Guide to Choosing & Installing Draining Housewraps
In the last few years, manufacturers have responded to the need for an air space and drainage plane with a variety of housewrap products that are either wrinkled or corrugated to provide an integrated air space. These include products intended primarily for stucco, such as DuPont’s StuccoWrap®, and others developed for siding, such as Raindrop Housewrap, which is a plastic drainage mat from Pactiv, Inc. (see “Resources,” page 47).
The air space created by these products is minimal, ranging from 0.02 inch thick for StuccoWrap to 0.008 for RainDrop®. Although these materials may allow for some drainage, it is unlikely that they will provide any measurable airflow to promote drying.
A more promising approach is a 1/4-inch nylon matrix, called HomeSlicker®, which has vertical drainage channels and installs between the sheathing wrap and siding. The material is rigid and thick enough to resist compression by the siding but thin enough that windows, doors, and trim can be installed without furring.
Sheathing Wrap Installation Guidelines & Standards
The primary function of the sheathing wrap, whether building felt or plastic housewrap, is to protect against water leakage. It is critical, therefore, to cover the entire shell from roof to foundation, including gable ends and band joists, and always to lap upper layers over lower layers to shed water. It is also critical to integrate the sheathing wrap with all window, door, and other wall flashings if the weather barrier is to be successful.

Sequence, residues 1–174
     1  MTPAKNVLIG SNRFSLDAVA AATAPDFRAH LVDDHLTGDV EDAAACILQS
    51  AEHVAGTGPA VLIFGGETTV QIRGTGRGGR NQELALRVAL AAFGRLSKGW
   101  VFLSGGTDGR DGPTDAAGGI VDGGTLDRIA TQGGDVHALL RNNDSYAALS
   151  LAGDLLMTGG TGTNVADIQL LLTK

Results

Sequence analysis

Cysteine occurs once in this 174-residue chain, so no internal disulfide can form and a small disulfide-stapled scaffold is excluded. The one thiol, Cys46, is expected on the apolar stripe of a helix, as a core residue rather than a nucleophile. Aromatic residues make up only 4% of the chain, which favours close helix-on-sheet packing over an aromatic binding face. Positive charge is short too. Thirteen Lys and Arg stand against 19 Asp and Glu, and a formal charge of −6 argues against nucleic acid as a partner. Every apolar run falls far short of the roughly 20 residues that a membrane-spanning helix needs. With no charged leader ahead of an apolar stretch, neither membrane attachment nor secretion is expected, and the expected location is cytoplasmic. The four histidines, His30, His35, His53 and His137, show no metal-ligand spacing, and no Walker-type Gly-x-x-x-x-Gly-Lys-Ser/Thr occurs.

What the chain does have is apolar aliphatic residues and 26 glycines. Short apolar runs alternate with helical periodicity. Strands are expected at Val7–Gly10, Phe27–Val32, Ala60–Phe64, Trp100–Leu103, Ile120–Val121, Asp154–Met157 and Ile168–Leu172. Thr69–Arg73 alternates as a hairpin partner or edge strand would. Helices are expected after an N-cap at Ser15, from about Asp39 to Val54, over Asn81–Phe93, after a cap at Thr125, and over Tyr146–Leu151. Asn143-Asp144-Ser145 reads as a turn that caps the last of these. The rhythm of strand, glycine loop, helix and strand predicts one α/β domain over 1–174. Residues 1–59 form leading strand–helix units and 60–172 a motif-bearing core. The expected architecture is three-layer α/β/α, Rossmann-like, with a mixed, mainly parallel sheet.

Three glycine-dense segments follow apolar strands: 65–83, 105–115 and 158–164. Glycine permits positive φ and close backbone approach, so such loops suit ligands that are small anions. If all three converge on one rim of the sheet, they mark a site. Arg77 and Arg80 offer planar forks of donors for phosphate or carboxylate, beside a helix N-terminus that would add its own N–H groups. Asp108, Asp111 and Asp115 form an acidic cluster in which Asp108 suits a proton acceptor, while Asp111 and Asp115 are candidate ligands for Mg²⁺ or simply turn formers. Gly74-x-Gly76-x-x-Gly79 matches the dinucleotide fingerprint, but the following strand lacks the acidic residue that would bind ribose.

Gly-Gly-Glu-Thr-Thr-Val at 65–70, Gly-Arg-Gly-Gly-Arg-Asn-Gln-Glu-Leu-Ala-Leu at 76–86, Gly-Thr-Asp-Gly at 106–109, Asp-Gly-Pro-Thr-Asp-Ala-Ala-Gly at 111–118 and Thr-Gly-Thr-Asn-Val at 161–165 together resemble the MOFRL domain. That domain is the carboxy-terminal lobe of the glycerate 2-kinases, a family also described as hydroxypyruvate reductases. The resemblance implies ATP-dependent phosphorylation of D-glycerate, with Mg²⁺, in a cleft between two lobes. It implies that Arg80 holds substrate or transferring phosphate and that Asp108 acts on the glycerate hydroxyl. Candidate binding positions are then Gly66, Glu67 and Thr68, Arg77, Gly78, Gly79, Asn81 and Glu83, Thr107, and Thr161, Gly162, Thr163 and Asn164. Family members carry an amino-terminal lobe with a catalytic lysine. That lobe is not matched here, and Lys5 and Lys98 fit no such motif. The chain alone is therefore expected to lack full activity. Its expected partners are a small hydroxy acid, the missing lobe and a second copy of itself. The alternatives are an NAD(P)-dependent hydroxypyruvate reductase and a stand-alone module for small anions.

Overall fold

The IRC requires asphalt felt to be minimum 14 pounds per square (ASTM D226), overlapped a minimum of 6 inches at vertical joints and 2 inches at horizontal laps. Plastic-housewrap manufacturers recommend 6 to 12 inches of overlap at vertical seams and 4 inches at horizontal laps, with all joints taped.
It is good practice to wrap corners at least 6 inches each way. If the walls are sheathed and wrapped before being raised, leave a 6- to 12-inch overlap at one side of each corner, and leave a 12-inch, unstapled flap at the bottom to cover the band joist area after the sheathing is nailed off. Wide staples with a minimum 1-inch crown are recommended every 12 to 18 inches for plastic housewraps.
-- Adapted with permission from Best Practices Guide to Residential Construction.
List of Producers of Plastic or Other Housewrap Products
Grade D Building Paper
Frequently Asked Questions (FAQs)
Questions & answers or comments about what housewrap or building wrap products are available & about the properties of different housewraps.